Li-ion Batteries That Recharge To 70% In 2 Minutes - Energy Matters
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Scientists at Nanyang Technology University (NTU) have developed batteries they say can be recharged up to 70 per cent in only two minutes and have a lifespan of 20 years.In traditional lithium ion batteries, graphite used for the anode (negative pole). The potential game changer in NTU's battery is an anode made from titanium dioxide.Titanium dioxide, the naturally occurring oxide of titanium, is abundant and cheap.
It is most commonly used provide whiteness and opacity to products such as paints; in cosmetic and skin care products, and is an ingredient in almost every sunblock.The new batteries have potential in a wide range of applications from handheld devices, to solar power storage and electric vehicle batteries."Electric cars will be able to increase their range dramatically, with just five minutes of charging, which is on par with the time needed to pump petrol for current cars," said Associate Professor Chen Xiaodong from NTU’s School of Materials Science and Engineering; the inventor of the battery.
"Equally important, we can now drastically cut down the toxic waste generated by disposed batteries, since our batteries last ten times longer than the current generation of lithium-ion batteries."To date, only small versions of the new batteries have been produced, but Professor Chen and his team are applying for a grant to construct a large-scale battery prototype.Apparently making the new gel is quite easy and only involves mixing titanium dioxide and sodium hydroxide at a certain temperature. The team says battery manufacturers will find it simple to integrate the new gel into current production processes.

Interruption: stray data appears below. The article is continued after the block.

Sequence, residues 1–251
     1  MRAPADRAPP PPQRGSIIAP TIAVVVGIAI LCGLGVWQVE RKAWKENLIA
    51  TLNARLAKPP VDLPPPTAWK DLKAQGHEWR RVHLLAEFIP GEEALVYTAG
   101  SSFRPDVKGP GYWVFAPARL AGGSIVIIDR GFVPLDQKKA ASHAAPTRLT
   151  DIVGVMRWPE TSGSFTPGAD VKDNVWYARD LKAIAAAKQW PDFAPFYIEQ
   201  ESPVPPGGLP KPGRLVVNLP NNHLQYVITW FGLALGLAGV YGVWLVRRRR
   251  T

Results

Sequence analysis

Rather than being a development that could take many years before it becomes generally available, Prof Chen expects the batteries will hit the market in the next two years - the technology has already been licensed by an unnamed company.The co-inventor of the lithium-graphite anode, NTU professor Rachid Yazami, said Professor Chen’s invention is the "next big leap in battery technology".
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